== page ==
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The School of Cinematic Arts

The School of Cinematic Arts

The University of Southern California

The design of the new School of Cinematic Arts at the University of Southern California illustrates both its legacy as the first film school and its leadership as one of the top schools in the world. The chosen California style – popular 80 years ago when the school was founded — marks that distinction; meanwhile advanced design features ensure its 100-year durability and high-performance efficiency.

In January 2009, faculty, staff and students moved into the largest and most innovative portion of the eventual “campus within a campus.” This Phase 1 portion is a two-building set — each with four floors plus one combined sub-level — totaling 137,000 square feet of space and serving as the central location for administrative and educational functions.

Celebrating the school’s 75th anniversary in 2004, the administration and various members of the alumni evaluated possible solutions to the school’s crowded conditions and aging and inefficient set of buildings. They decided that a major renovation would be too costly and would amount to only a short-term fix. The university decided to enter a building program, and then handed two goals to the architectural firm, Urban Design Group of Dallas, Texas:

  • Adopt building information modeling (BIM) technology for team collaboration, material fabrication and long-term facility management use
  • Design it to meet the 100-year life span goal by incorporating extreme earthquake resilience and flexibility in both interior spaces and technology

BIM Technology

BIM is being used for design, materials fabrication, construction, facility maintenance and management after occupancy and for the lifecycle of the buildings. Nine different 3D models were merged into one “supermodel” using Navisworks software. All aspects of the design and construction were digitized to create the “virtual” buildings to provide the specifications for construction.

BIM use also aided in the manufacturing of materials. The exterior walls are customized 40-foot-high rebar steel cages set in place. They are specially built for easy and quick installation in a tight space common for a large campus. Plus, the cages – later filled with concrete and covered in plaster – are joined together with expansion joints that will isolate and re-route earthquake shocks. BIM improved the customized fabrication process.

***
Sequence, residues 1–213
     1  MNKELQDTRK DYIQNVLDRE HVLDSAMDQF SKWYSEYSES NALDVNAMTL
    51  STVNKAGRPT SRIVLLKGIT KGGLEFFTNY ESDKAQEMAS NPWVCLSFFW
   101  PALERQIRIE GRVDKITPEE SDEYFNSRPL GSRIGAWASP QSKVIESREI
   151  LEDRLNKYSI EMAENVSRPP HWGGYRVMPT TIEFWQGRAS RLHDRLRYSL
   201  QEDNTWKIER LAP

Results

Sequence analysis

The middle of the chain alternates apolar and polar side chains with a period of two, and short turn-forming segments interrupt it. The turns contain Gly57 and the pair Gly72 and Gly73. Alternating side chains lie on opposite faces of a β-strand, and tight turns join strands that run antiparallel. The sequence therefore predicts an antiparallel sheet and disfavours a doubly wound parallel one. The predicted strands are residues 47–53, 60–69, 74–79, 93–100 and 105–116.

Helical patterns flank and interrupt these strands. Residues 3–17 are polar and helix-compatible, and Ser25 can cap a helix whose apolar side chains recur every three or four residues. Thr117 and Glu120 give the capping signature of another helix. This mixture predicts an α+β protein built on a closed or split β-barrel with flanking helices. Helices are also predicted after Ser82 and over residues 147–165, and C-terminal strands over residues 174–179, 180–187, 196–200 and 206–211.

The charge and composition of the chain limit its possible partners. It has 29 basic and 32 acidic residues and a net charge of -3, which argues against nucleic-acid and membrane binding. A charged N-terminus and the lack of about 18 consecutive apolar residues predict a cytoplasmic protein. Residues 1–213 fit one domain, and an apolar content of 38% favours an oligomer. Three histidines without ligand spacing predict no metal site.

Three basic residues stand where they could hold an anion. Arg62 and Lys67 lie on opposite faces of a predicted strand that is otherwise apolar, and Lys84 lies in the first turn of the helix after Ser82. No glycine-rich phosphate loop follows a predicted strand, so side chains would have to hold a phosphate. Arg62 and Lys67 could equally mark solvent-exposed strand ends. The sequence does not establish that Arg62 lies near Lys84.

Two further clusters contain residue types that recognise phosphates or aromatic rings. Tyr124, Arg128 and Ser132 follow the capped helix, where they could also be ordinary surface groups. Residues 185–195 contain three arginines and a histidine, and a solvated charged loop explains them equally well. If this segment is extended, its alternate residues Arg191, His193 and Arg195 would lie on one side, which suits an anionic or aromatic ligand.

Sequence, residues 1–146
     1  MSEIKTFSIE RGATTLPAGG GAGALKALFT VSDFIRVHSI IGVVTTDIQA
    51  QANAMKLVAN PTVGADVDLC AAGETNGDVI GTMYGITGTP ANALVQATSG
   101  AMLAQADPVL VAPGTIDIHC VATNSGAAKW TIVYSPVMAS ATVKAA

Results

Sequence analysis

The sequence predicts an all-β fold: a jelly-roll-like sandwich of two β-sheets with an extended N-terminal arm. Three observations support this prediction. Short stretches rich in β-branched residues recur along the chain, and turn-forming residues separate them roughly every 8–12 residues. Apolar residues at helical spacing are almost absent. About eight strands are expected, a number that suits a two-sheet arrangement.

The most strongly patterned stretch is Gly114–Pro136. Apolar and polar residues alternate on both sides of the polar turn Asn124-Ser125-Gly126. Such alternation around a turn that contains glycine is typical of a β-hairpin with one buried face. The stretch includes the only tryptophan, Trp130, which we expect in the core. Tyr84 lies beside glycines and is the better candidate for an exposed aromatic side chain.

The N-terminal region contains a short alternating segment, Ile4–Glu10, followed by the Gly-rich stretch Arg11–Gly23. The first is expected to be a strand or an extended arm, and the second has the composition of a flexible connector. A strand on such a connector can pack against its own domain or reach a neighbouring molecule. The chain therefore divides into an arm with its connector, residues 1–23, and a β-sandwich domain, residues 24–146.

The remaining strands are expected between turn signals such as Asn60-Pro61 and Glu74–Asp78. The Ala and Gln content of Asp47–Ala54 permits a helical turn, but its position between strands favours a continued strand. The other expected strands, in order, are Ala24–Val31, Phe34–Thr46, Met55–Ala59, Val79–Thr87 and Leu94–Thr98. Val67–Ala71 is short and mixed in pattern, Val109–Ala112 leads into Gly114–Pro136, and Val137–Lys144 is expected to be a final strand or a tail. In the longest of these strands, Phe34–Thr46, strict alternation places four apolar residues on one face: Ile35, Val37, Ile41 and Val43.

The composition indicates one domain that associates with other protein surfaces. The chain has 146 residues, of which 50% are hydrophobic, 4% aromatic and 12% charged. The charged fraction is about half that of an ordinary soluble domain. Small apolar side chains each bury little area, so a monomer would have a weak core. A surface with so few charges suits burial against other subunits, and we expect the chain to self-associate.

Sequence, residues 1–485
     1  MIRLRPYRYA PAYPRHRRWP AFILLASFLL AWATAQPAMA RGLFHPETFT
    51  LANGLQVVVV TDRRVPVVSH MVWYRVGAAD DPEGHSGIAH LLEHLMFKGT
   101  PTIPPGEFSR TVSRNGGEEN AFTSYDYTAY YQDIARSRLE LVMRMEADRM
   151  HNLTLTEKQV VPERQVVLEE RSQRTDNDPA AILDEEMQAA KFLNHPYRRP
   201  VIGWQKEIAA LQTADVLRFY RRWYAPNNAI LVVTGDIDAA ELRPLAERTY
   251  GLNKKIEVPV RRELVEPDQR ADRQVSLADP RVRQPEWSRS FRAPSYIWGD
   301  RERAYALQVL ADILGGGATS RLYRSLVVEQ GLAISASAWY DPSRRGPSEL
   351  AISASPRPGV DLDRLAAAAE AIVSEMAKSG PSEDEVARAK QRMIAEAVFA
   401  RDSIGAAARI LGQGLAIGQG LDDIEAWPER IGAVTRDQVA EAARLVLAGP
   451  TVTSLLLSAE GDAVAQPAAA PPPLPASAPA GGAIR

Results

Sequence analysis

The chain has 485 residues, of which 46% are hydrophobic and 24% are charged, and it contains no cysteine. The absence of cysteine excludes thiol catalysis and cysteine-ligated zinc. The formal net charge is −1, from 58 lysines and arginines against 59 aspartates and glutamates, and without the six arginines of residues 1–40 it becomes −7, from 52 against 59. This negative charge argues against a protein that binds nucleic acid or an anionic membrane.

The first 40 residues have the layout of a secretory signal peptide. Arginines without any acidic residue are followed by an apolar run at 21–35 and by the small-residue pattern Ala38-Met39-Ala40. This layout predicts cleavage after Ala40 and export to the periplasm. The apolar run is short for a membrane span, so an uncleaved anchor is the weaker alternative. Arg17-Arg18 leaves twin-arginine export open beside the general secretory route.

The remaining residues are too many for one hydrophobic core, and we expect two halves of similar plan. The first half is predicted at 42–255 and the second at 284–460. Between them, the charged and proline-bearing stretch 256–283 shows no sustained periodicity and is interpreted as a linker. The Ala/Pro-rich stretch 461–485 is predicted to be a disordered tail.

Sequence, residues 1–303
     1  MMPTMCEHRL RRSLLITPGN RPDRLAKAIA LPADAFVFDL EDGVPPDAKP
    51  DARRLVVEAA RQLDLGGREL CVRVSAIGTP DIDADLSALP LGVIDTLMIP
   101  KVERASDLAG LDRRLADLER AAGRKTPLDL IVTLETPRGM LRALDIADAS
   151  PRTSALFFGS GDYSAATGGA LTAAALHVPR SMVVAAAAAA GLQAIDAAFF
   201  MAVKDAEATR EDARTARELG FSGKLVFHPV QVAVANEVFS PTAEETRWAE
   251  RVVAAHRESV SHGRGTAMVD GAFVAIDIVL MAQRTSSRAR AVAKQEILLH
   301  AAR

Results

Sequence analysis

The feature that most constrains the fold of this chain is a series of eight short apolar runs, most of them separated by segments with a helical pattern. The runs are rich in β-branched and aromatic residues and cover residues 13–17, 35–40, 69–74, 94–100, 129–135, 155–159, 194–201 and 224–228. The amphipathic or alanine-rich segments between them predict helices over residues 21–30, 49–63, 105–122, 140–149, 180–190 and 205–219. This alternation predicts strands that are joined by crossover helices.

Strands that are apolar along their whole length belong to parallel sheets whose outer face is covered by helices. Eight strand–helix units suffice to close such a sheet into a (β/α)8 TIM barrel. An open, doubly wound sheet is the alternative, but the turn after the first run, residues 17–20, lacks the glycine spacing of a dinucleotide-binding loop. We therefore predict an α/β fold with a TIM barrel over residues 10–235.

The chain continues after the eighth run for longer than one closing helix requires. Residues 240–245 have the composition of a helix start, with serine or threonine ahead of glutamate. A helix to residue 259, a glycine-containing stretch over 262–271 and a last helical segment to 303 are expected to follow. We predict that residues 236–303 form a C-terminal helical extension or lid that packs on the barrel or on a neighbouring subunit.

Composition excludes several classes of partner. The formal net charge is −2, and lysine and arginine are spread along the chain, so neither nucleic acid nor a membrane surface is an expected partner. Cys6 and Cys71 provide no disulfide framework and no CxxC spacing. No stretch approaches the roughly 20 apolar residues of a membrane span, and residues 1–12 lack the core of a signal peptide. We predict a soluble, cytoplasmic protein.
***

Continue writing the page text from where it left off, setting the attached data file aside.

Use of BIM also is occurring on the construction site itself. The Phase 2 contractors on the site today have the ability to check the 3D model as they work. Computer screens feature scope and orientation capabilities, as well as hyperlinks to the full extent of material and process details.

Finally, USC’s Facilities Management Services is currently working to integrate the 3D model of Phase 1 with its other software for real-time monitoring of the heating, air conditioning and plumbing systems.

100-year Life Span Goal

The owner charged the designer with the mission of creating a set of buildings that would not be outdated and ill-suited for educational and technological changes in the future. To achieve the goal, the structures had to be designed to withstand seismic earthquakes – common for Southern California. The design called for the use of “fuses” or connectors that isolate and redirect a quake’s heavy jolts away from walls, ceilings and floors so the damage is done to reparable and non-foundational areas.

Most buildings built to code in Los Angeles achieve an inelastic standard, thereby making them literally crack without collapsing – ensuring that occupants are safe but that the building is non-repairable. This method is the first of its kind in the Los Angeles area. Building tests revealed that the Phase 1’s complex will not only protect occupants during a quake, but will also retain its structural integrity.

The owner also required that the design provide flexibility in space and technology so that the changing nature of educational programming and high tech – especially for cinema, television and interactive media fields — would be accommodated for 100 years. Urban Design provided the floor plans for unique and informal meeting places in hallways that are wired for laptop computer connection and for viewing on flat-screen monitors. Classrooms are equally equipped with technology, but with touch pads for accessing a range of input devices, as well as the school’s server where edited projects and other digital and film items are stored.

All technology originates in the sub-level of the complex by design. This ensures that, as older technology gives way to newer, the changes are not disruptive to classrooms, screening rooms or hallway tech coves.

Contact the architects:
Urban Design Group of Dallas, Texas
15950 Dallas Pkwy # 325
Dallas, TX 75248
(972) 788-9242

Download PDF The School of Cinematic Arts


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